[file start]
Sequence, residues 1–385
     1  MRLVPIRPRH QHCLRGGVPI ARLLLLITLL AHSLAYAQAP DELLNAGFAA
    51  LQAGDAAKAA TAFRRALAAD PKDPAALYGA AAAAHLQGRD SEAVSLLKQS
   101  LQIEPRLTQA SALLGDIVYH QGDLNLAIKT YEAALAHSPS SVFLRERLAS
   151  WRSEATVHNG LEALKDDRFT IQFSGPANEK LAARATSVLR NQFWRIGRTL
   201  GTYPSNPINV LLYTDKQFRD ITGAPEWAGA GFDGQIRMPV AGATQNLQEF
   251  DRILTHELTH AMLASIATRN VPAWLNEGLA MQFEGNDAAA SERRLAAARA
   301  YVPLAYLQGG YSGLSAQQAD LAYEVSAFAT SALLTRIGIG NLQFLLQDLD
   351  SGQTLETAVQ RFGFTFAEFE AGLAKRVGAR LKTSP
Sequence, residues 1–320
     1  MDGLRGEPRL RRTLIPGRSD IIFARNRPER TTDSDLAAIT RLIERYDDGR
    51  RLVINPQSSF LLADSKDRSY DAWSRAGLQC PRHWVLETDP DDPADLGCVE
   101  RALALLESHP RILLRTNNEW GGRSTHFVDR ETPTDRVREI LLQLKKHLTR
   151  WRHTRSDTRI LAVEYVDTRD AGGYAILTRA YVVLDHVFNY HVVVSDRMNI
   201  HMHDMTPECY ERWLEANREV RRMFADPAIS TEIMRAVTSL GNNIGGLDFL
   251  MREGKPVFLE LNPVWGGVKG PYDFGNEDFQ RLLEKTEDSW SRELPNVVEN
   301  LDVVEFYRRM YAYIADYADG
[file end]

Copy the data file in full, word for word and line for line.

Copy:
Sequence, residues 1–385
     1  MRLVPIRPRH QHCLRGGVPI ARLLLLITLL AHSLAYAQAP DELLNAGFAA
    51  LQAGDAAKAA TAFRRALAAD PKDPAALYGA AAAAHLQGRD SEAVSLLKQS
   101  LQIEPRLTQA SALLGDIVYH QGDLNLAIKT YEAALAHSPS SVFLRERLAS
   151  WRSEATVHNG LEALKDDRFT IQFSGPANEK LAARATSVLR NQFWRIGRTL
   201  GTYPSNPINV LLYTDKQFRD ITGAPEWAGA GFDGQIRMPV AGATQNLQEF
   251  DRILTHELTH AMLASIATRN VPAWLNEGLA MQFEGNDAAA SERRLAAARA
   301  YVPLAYLQGG YSGLSAQQAD LAYEVSAFAT SALLTRIGIG NLQFLLQDLD
   351  SGQTLETAVQ RFGFTFAEFE AGLAKRVGAR LKTSP
Sequence, residues 1–320
     1  MDGLRGEPRL RRTLIPGRSD IIFARNRPER TTDSDLAAIT RLIERYDDGR
    51  RLVINPQSSF LLADSKDRSY DAWSRAGLQC PRHWVLETDP DDPADLGCVE
   101  RALALLESHP RILLRTNNEW GGRSTHFVDR ETPTDRVREI LLQLKKHLTR
   151  WRHTRSDTRI LAVEYVDTRD AGGYAILTRA YVVLDHVFNY HVVVSDRMNI
   201  HMHDMTPECY ERWLEANREV RRMFADPAIS TEIMRAVTSL GNNIGGLDFL
   251  MREGKPVFLE LNPVWGGVKG PYDFGNEDFQ RLLEKTEDSW SRELPNVVEN
   301  LDVVEFYRRM YAYIADYADG